Wanderlust Wendy

Getting Russian & Mongolia Visa in China


Xavier (French) and I (Taiwanese-American) were living in Shanghai at the time of this trip prep. I was staying in China on my Taiwanese ID, but will be traveling on my US Passport, so I needed to obtain Russian visa in Hong Kong. US citizens do not need a Mongolia visa at this time.

French needs both a Russian and a Mongolia visa, but the Mongolian Consulate in Shanghai no longer supports visa issuance, so we needed to make a trip to Beijing.

Getting Russian Visa in Hong Kong

Quick note before I discuss my experience: not all nationalities are able to hop over to Hong Kong for Russian visa. There are a list of countries where a long-term HK visa is required. Please check before you book your appointment and your trip.

I booked train tickets in and out of Russia with Real Russia, and they were able to provide both an invitation letter and confirmation letter for the train journeys. If you book any part of the journey with them, the visa invitation letter fee is waived. Just to be extra thorough, I also printed out my hotel reservations, kept the immigration entry card from the Hong Kong border, and printed a copy of my travel insurance just in case. The lady returned those to me right away and didn’t bother looking at them. 

Since I was traveling to Hong Kong just for the visa, I wanted the expedited service. I completed the online visa application form and booked an appointment on the Russian Consular site. Beware that they don’t always have openings right away. I was only able to book a slot for 3 weeks out. With that date set, I booked hotels and flights accordingly.

My appointment was at 10:30am, I brought all of my paperwork and $1092HKD of cash to pay for the expedited service. There was no other people in the visa section when I arrived. The lady checked my paperwork, took my cash, and told me to come back the next day at 2:30pm. The whole process took less than 10 minutes.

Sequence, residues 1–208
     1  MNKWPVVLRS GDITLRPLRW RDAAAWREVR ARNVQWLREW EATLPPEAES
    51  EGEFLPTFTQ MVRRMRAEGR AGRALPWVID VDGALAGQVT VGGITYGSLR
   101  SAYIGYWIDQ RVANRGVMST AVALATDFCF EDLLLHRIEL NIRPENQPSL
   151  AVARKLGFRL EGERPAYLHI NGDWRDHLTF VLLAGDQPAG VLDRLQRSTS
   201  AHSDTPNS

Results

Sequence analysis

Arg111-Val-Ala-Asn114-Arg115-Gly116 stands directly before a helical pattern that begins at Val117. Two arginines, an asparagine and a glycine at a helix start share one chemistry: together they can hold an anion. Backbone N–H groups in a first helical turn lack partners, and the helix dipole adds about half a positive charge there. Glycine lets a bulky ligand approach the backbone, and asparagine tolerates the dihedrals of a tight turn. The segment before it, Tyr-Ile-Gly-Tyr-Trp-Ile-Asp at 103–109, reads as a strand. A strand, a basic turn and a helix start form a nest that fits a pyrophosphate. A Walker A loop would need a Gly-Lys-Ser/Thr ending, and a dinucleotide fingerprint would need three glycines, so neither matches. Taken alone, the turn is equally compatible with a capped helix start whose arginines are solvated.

I arrived the next day at 2:30pm and picked up my passport with shiny Russian visa. The process was fairly easy and painless. 

Getting Russian Visa in Shanghai

Since we were living in Shanghai, the process for Xavier was pretty straight forward. He arrived at the Visa Centre, a third party processing centre contracted by the Russian Embassy, without an appointment. Workers at the Visa Centre looked over information for him closely, and even suggested a revision that costed ¥60. Not sure if that’s entirely necessary, but better safe than sorry. He was told to pick up his passport with the visa in 10 working days. 

At the time of this writing, the visa centre website doesn’t appear to be working, and I wonder if that was a temporary set up due to the World Cup. 

Nevertheless, you can make an appointment with the Shanghai Consulate. The process, I presume, would be similar to my experience in Hong Kong. The key difference was that I was granted some buffer dates per my visa application, whereas Xav was granted only the dates that were outlined in our travel supporting documents. 

Getting Mongolian Visa in Beijing

The Mongolian consulate in Shanghai unfortunately does not process visas any longer, so we planned a trip up to Beijing. There is no expedited service, and the office is closed on Fridays, which means dropping off your passport on Monday and picking it up on Thursday is your only option. As such, we made a trip out of this by visiting Beijing’s tourist sites. 

If you are simply riding the train through Mongolia without getting off the train, Transit Visa would suffice. But since we had planned a day to explore Ulaanbaatar, Xavier needed a Short Stay Visa, which required an invitation letter. Our hostel, Zaya Hostel, happened to also provide invitation letter for tourist visa for a $15 fee. They will process this letter for you even if you aren’t staying there. 

No appointment is needed to drop off your passport, but to be safe, we were at the Embassy when it opened on Monday morning, and upon dropping off the document, we were told a time to pick up. Since our train was on Thursday, and the pick-up time window was only between 4-5pm, the officer told us we could pick it up on Wednesday. When we return to pick it up, there were others there as well. You could potentially take this risk and arrange travels earlier, if time is of the essence. 

Planning your own Trans-Siberian journey? Check out the complete summary from our journey and pre-departure planning tips!

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